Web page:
​Seven days of Cambodian Justice: A CFF Trial Diary | Phnom Penh Post

Seven days of Cambodian Justice: A CFF Trial Diary


Publication date
22 June 2001 | 07:00 ICT

Reporter : Phelim Kyne

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Cambodian-American CFF suspect Richard Kiri Kim argued that his actions were political, not terroristic.

Between June 11 and 20, suspected members of the Cambodian Freedom Fighters (CFF)

went on trial under a blanket of tight security at the Supreme Court in Phnom Penh.

The 32 suspects -an assortment of farmers, monks, low-ranking policemen and soldiers

- faced charges of terrorism, conspiracy and membership in an armed group for their

alleged participation in the Nov 24 street fighting in the capital that left eight

people dead and at least 14 people injured. An additional 29 CFF suspects await trial

at a future date.

Phelim Kyne provides a day-by-day commentary on the twists and turns of Cambodia's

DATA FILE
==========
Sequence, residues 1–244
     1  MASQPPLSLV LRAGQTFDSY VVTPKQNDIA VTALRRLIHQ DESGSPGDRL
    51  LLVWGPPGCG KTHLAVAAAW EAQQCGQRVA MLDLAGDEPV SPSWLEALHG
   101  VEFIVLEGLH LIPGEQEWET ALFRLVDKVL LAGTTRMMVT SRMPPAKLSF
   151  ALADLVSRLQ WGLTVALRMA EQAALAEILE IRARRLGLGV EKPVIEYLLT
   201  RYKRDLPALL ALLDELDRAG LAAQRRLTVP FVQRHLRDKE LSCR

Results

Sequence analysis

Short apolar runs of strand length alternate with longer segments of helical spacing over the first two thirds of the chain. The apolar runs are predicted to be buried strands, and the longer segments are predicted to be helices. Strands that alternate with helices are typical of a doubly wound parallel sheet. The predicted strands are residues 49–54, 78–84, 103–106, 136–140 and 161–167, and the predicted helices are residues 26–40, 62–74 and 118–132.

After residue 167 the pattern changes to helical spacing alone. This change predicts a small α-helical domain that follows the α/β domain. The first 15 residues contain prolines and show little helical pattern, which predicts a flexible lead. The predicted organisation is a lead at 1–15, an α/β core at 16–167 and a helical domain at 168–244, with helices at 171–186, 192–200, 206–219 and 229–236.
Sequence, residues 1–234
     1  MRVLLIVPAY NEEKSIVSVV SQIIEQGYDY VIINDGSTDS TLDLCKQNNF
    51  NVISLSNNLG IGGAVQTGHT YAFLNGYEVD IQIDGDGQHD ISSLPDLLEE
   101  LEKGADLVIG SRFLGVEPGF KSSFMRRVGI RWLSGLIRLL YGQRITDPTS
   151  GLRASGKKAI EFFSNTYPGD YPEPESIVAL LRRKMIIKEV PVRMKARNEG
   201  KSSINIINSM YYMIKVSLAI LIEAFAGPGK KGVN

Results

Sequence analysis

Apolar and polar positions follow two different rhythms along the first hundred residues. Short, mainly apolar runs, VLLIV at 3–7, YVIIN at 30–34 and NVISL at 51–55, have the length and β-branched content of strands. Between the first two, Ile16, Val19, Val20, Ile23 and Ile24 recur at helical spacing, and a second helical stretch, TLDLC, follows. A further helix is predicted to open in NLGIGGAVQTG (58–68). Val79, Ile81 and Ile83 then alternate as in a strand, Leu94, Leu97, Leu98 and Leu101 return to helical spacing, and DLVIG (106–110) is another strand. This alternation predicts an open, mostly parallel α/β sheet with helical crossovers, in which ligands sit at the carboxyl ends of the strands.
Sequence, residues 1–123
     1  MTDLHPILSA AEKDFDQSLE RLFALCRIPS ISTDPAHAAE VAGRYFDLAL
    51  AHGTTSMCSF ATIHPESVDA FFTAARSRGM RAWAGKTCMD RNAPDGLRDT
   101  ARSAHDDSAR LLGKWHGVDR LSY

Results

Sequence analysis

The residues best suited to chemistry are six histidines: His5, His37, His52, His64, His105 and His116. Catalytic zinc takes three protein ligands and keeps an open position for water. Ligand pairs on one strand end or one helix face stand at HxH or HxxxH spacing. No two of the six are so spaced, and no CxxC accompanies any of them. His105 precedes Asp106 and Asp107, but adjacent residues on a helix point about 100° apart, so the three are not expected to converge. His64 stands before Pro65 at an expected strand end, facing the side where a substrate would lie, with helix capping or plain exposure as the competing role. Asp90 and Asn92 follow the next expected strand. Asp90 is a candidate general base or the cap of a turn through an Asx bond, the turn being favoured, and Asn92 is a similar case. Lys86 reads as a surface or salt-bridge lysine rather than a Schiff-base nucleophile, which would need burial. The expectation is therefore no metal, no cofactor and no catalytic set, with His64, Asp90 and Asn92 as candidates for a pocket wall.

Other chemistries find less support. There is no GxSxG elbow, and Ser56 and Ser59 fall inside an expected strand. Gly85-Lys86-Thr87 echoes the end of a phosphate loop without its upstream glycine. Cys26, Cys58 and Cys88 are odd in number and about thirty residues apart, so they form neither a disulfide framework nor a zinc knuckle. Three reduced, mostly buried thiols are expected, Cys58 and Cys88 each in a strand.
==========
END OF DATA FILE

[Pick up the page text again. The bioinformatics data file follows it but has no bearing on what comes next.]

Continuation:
first terrorism trial. Verdicts are due to be released on June 22.

The Case: The 32 accused faced charges under Article 36 of the criminal

code and Article 2 of the terrorism code. Two of the 32 suspects were tried in absentia,

including Long Beach California accountant and self-confessed CFF mastermind Chhun

Yasith. Convictions on all charges can result in possible life sentences.


A trial observer inspects the mounds of police evidence.

The Defendants: Everyone from sugar cane juice vendors and moto taxi drivers

to hardened life-long (now) ex-Khmer Rouge. An archetypal rabble ranging from an